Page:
The real reason for the hangover and why you should be late in everyday

The Good Life Letter 

19th August 2016

  • New virus research doesn’t make sense, until you read this
  • Of mice and men – a tale of early morning misery
  • Why raw and pure Manuka honey is the revelation

Last Tuesday a bit of research hit the headlines that set me thinking.

A team from Cambridge University had shown that virus infections were more prominent and developed more quickly in the morning than in the afternoon.

On first reading you tend to say so what? If you are taken to muttering into your beard over your breakfast, then you might even say “how much did they get paid to find that out?”

I must admit that was my reaction because the implications of this information aren’t immediately obvious – especially as it offers no insight into what a mere mortal is supposed to do with it.

Then I began to chew more slowly on my toast and honey, contemplating the opportunities...

First, I considered the potential for the Sunday morning after the Saturday night at the rugby club...

...”Well dearest, when I got home from the game I was feeling on the top of the world, almost chipper you might say. I could have proven this to you if you had woken up for a chat rather than telling me to get off!”

“But, when I woke this morning I felt dreadful and can only think that I had contracted a virus of some kind in the early hours which would explain my headache and churning tummy!”

Chances of success? Not great, so I moved my thoughts on...

Over the winter everyone is sneezing, coughing and blowing their noses as colds and flu take their effect.

So, what a fantastic excuse for those who are forced to use public transport to have a lie in:

“I was going to come in on the early train as normal but science has shown that I risk getting an infection that way, so thought it would be safer for me to get in on the midday train instead.”

Again, I can’t see many bosses falling for that one – and anyway they would insist you walk into the office and work much later to catch up.

Clearly I needed to find out more about this research.

Mouse flu and cold sores

The report said that mice were infected with either influenza, which causes flu, or herpes virus, which can cause a range of diseases including cold sores.

Some were exposed to the pathogens in the early morning and some in the evening and the extent of the replication of the virus assessed by blood test. The mice infected in the morning had 10 times the viral levels of those infected in the evening.

The team concluded that the difference was significant as it proved that in order to develop into a major problem the viral cells needed to have access to a fully functioning body.

In the evening many of the core systems close down and are not available to the invading species – so they fail to thrive.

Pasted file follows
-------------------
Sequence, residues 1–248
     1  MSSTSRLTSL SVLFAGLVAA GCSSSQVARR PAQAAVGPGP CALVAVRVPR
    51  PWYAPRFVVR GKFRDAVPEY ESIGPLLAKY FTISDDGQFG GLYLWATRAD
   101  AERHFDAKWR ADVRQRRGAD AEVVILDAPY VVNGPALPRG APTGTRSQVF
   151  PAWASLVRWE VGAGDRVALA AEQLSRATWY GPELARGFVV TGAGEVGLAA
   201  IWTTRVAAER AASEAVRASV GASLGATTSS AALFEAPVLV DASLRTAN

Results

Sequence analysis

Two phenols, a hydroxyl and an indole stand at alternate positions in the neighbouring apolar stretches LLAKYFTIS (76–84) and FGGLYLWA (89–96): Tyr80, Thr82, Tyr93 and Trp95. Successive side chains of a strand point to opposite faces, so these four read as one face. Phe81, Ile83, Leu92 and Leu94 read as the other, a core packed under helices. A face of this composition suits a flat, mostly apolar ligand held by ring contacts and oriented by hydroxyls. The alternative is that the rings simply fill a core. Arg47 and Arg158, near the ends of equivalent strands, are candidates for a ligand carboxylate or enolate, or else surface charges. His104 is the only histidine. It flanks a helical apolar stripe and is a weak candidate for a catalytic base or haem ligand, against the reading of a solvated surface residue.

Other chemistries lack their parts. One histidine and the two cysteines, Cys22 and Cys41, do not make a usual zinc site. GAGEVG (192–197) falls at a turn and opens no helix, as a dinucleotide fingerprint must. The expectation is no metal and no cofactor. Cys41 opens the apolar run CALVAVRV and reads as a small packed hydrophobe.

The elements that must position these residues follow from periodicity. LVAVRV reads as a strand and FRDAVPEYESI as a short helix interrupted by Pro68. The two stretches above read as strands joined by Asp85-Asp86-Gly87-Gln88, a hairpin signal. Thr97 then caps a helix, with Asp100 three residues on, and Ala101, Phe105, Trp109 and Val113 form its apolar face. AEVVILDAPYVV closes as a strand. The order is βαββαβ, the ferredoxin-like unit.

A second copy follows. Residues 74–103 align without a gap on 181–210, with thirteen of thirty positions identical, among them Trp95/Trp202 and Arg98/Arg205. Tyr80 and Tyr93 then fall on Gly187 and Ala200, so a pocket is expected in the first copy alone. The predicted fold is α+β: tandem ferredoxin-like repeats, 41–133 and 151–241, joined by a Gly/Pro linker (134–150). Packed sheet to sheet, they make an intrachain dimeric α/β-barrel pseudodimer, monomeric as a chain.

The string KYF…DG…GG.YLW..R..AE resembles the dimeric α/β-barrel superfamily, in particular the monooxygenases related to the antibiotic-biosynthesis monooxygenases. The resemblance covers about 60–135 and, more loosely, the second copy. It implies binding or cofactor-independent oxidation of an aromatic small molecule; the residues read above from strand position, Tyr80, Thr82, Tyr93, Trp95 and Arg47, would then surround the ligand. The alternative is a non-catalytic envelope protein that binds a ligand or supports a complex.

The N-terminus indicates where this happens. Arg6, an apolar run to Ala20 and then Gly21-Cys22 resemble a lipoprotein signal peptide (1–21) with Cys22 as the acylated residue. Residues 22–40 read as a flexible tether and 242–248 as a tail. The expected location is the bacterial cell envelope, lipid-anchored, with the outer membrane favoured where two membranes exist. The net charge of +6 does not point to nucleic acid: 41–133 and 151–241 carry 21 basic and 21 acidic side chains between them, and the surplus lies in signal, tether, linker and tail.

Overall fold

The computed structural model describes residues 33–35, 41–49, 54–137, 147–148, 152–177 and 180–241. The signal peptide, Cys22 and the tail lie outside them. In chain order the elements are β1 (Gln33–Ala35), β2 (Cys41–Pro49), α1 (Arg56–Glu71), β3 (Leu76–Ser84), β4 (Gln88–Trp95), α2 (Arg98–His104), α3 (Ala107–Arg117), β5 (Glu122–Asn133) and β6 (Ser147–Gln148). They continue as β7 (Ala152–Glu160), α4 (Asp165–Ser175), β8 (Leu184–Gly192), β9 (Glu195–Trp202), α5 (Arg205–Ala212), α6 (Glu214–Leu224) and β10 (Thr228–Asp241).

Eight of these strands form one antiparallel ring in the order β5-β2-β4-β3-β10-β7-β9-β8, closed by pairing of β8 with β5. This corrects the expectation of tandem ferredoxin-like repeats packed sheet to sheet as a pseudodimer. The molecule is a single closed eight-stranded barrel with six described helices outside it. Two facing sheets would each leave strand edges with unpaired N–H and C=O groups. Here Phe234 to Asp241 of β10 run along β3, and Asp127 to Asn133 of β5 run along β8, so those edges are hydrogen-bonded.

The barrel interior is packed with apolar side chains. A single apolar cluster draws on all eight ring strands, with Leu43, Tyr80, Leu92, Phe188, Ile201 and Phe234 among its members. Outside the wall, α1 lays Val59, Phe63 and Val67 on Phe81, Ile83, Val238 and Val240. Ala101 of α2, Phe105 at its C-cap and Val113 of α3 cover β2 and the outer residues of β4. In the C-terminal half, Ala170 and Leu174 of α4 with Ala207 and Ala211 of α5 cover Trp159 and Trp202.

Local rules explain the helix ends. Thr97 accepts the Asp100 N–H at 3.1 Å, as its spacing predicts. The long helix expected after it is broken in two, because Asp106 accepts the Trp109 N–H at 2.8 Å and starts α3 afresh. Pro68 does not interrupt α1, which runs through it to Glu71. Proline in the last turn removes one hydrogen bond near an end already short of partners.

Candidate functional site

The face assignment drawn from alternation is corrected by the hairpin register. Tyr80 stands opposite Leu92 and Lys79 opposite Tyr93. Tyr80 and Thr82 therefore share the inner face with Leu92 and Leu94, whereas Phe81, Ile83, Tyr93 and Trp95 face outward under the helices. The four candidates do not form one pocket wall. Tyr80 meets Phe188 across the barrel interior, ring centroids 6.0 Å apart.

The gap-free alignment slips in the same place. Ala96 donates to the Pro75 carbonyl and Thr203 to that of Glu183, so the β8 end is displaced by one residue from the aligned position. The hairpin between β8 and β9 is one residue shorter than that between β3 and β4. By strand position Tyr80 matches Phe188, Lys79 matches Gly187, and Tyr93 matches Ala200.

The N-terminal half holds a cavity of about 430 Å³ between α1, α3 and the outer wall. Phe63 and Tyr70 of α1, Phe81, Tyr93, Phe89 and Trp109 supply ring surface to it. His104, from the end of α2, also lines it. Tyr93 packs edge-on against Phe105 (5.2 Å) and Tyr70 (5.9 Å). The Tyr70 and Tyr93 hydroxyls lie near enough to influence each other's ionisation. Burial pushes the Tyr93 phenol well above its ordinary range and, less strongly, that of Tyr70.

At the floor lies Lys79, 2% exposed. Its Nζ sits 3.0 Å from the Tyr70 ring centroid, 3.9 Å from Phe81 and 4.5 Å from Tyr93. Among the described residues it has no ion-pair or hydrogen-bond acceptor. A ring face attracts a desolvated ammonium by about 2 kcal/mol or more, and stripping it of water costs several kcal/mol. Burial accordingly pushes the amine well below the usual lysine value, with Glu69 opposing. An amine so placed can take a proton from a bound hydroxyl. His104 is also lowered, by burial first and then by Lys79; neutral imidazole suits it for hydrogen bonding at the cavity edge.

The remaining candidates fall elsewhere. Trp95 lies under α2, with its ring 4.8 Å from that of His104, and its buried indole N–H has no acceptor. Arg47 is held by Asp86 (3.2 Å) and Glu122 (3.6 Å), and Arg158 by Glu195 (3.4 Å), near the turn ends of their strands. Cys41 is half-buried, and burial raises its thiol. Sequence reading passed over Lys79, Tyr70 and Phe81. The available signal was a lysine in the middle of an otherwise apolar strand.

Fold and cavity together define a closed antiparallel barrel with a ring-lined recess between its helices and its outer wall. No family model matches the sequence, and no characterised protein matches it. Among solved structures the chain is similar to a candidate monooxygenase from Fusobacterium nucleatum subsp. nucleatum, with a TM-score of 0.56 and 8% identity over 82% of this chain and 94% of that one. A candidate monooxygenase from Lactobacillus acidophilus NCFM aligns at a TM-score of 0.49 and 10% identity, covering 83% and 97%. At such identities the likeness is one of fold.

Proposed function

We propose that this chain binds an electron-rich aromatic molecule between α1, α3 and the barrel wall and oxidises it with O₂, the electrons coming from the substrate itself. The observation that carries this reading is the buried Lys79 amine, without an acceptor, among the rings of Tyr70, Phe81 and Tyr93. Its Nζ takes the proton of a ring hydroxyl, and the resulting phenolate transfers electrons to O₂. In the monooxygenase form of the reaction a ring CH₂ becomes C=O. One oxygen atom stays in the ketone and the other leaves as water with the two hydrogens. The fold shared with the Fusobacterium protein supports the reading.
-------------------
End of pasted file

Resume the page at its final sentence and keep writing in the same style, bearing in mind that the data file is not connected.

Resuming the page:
The late viruses were failing after essentially trying to hijack a factory after all the workers had gone home.

Further work by the researchers found that risk of infection was worse in those with disrupted body clocks such as those on shift work, or affected by conditions such as insomnia and Seasonal Affected Disorder in the winter months.

Of course it might be argued that because mice are mostly nocturnal then the overlay of these findings onto humans would be reversed. However, the researchers were clear that what they found in the mice is exactly what they expect when the trial is replicated in humans.

So, where does that leave us?

Sleep well and bolster your defences

From what I interpret of the results it seems that taking time to rest and relax in the evening is important.

If you are still charging around and worrying about the next day then your body is fully active and any viruses that you have encountered will be able to harvest their bounty.

Getting a nice relaxed sleep is also a great way to deny the little blighters the chance to raid your body, so developing a calming and soporific routine is all important – of course there are really good natural aids to sleep available if you find dropping off difficult.

That leaves us with the conundrum about what to do to prevent the morning invasion.

Clearly waking and putting a medical mask on is both impractical and plain silly – I mean how are you going to brush your teeth and swill your face with one of them on?

Also, resorting to a cocktail of antiviral pills and potions is also a non-starter, and everyone knows what a bad idea I think the flu vaccine is – medical science can’t be relied upon.

However, the answer lies in something else.

Something ancient, a wisdom of the Pharaohs’ and indeed a natural remedy so potent even medical science has to use it when their drugs and chemical warfare fail.

For thousands of years honey was THE natural defence mechanism, and by having it every morning at breakfast you will be stopping the virusses in their tracks.

Don’t miss out on the way you can put a protective barrier around yourself every morning, and really delight in doing so in the process.

Yours, as always


P.S As if it was a surprise the government has flunked the Childhood Obesity Report. As predicted they have caved in to the big food companies – it really is time to begin the food revolution at home, meal by meal.

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